As Climate Watch predicted, the autumn of 2014 presented dangerous weather extremes, especially in the central United States, which was affected by severe storms and one of the earliest and coldest winter onsets ever recorded.
While the mid-latitudes in the northern hemisphere became cooler, arctic temperatures continued to break heat records, and there was evidence that methane escaping from permafrost due to unprecedented melt had ignited in the air over Siberia, causing bright flashes seen over thousands of miles. Additionally, an undersea glow off the Pacific coast of Siberia is believed to have been caused by methane being outgassed by hydrate melt coming into contact with underwater volcanic plumes. As winter has arrived in Siberia, these effects will not be seen again until next summer, when they are likely to return in a more aggressive manner.
Due to a prolonged drought in Greenland, the Greenland Ice Sheet has been darkened by pollutants, with the result that its albedo has declined. As a result, it is now absorbing more solar heat and is likely to destabilize more quickly than previously anticipated.
At the same time, solar output is continuing a slow decline, suggesting that we could be entering a new solar minimum similar to the one that caused the 'little ice age' between the 14th and 19th centuries.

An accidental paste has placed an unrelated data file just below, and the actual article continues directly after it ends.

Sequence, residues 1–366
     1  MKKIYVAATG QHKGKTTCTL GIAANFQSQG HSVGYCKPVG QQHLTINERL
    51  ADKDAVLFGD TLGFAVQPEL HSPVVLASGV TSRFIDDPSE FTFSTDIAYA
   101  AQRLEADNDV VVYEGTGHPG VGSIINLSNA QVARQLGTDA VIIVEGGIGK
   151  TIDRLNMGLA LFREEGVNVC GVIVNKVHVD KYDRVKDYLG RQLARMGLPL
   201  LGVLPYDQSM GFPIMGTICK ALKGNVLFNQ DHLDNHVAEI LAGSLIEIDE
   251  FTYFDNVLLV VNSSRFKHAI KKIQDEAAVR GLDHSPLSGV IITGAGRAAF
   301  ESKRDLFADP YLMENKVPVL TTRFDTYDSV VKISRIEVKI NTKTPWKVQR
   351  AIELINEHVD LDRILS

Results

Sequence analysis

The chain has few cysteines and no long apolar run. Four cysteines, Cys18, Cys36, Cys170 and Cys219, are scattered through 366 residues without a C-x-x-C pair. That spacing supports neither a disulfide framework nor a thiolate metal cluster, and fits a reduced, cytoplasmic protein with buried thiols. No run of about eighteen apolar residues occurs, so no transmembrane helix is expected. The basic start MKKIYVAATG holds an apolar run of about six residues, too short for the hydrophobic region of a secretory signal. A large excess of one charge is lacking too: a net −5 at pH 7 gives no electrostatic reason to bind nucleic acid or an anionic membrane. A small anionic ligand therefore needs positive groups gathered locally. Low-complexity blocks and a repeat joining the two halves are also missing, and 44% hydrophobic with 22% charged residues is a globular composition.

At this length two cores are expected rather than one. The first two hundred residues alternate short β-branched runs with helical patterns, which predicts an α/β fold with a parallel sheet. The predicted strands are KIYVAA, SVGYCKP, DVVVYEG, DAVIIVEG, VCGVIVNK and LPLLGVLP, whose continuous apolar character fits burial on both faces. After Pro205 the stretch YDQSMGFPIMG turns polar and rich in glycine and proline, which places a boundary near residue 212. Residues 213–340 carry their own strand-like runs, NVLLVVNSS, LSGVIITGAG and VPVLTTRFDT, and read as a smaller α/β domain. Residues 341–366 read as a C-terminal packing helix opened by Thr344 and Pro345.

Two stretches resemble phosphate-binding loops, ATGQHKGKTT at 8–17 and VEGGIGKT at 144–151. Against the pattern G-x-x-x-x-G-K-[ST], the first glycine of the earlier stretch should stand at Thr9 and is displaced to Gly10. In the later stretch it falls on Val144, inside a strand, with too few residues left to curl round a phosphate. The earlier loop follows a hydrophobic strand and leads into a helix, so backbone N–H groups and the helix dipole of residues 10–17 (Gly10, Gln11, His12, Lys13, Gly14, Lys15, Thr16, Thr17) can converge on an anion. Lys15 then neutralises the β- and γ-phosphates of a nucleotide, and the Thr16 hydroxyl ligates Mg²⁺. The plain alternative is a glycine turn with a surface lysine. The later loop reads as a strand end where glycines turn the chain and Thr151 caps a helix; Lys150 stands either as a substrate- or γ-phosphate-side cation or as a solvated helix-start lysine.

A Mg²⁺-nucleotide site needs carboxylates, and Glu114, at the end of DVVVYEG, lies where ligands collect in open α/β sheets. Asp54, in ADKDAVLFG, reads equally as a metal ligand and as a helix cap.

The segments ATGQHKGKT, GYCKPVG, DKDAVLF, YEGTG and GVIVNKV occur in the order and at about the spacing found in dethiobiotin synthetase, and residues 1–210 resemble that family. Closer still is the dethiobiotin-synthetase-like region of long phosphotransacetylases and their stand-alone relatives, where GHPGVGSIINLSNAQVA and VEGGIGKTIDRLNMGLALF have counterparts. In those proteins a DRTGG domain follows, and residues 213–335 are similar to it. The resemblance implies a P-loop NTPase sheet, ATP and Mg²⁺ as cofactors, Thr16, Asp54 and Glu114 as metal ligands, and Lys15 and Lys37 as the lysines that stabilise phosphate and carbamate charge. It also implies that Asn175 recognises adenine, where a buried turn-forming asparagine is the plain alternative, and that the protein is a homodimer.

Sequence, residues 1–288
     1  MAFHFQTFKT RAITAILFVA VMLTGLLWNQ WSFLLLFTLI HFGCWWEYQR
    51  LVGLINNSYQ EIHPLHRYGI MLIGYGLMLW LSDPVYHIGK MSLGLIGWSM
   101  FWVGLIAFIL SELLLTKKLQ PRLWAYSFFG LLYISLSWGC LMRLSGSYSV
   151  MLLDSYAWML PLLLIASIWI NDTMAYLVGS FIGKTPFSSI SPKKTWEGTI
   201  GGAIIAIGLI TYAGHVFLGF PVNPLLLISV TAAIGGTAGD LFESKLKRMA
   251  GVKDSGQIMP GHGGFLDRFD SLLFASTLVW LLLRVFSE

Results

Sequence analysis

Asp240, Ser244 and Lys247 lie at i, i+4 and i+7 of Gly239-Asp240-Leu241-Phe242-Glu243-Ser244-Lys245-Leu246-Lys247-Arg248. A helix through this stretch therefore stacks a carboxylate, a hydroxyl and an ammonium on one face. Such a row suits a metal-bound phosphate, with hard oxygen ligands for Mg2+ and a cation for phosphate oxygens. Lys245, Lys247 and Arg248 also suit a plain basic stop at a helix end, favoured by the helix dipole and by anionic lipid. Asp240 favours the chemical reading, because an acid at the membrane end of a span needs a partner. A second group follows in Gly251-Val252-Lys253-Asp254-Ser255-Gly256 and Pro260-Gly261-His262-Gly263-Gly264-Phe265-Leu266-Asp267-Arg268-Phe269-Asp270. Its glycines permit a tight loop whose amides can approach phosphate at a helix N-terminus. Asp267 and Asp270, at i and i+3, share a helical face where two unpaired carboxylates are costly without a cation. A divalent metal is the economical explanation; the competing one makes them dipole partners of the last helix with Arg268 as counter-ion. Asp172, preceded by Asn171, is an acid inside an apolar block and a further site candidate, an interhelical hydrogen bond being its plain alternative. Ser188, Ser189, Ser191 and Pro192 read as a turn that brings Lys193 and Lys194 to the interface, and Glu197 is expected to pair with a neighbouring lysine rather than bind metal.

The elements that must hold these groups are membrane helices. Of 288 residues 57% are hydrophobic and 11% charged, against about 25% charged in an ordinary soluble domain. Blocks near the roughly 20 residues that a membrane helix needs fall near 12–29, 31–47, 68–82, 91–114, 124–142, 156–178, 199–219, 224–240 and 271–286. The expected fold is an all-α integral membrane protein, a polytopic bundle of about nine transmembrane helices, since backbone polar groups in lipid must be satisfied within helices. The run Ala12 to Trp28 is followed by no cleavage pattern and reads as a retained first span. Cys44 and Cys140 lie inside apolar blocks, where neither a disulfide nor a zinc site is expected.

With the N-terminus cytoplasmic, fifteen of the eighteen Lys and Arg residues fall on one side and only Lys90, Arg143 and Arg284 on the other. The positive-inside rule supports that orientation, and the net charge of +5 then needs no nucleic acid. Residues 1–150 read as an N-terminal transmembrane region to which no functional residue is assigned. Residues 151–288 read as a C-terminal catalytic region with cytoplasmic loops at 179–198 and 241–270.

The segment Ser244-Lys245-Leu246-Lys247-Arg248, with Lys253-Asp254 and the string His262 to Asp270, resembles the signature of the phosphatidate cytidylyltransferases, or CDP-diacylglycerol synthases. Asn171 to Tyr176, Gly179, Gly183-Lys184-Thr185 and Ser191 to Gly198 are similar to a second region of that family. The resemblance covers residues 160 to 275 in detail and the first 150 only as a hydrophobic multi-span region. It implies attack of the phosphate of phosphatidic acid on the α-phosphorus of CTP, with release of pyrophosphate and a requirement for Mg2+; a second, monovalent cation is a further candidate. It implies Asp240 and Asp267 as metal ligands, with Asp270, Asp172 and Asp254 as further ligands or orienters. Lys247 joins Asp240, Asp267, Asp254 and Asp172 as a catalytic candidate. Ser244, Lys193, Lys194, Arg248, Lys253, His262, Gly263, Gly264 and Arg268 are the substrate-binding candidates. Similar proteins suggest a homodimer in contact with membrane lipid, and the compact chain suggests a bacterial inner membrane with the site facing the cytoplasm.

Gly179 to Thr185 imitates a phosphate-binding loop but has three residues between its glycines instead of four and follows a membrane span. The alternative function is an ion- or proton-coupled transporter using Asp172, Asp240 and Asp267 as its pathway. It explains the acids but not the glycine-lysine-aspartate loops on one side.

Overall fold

These are all dramatic and, to some extent, contradictory effects, and it is difficult to predict what their outcomes may be. It is clear, though, that the arctic and the central Pacific ocean are heating up very rapidly. It is not clear what solar changes may do, because our only parallel is to a time when carbon dioxide concentrations in the atmosphere were much lower than they are now.
Continued warming of the Gulf of Mexico combined with dramatic cold across the US midcontinent sets the stage for intense and widespread storm activity this spring.
READING THE CLIMATE WATCH INDEX: The index is oriented toward the Northern Hemisphere. It checks ice, sea water warmth and current flow, and weather conditions at key points in the arctic. There is also a reading of solar activity, as there is some indication of a relationship between solar storms and weather changes on earth. In general, abnormally high arctic temperatures and low Gulf Stream flow in the winter will mean that the jet stream will be looping far north and south, causing violent weather in the middle latitudes. Extreme summer heat in the arctic will result in more heat further south, and a radical temperature differential between north and south will bring heavy weather across continental areas of Europe and North America. But weather and climate are very complex, and these are never more than probabilities. Movement of the jet stream into the high arctic due to abnormally warm North Atlantic water temperatures during the September--April period indicates probable violent weather in Europe and eastern North America.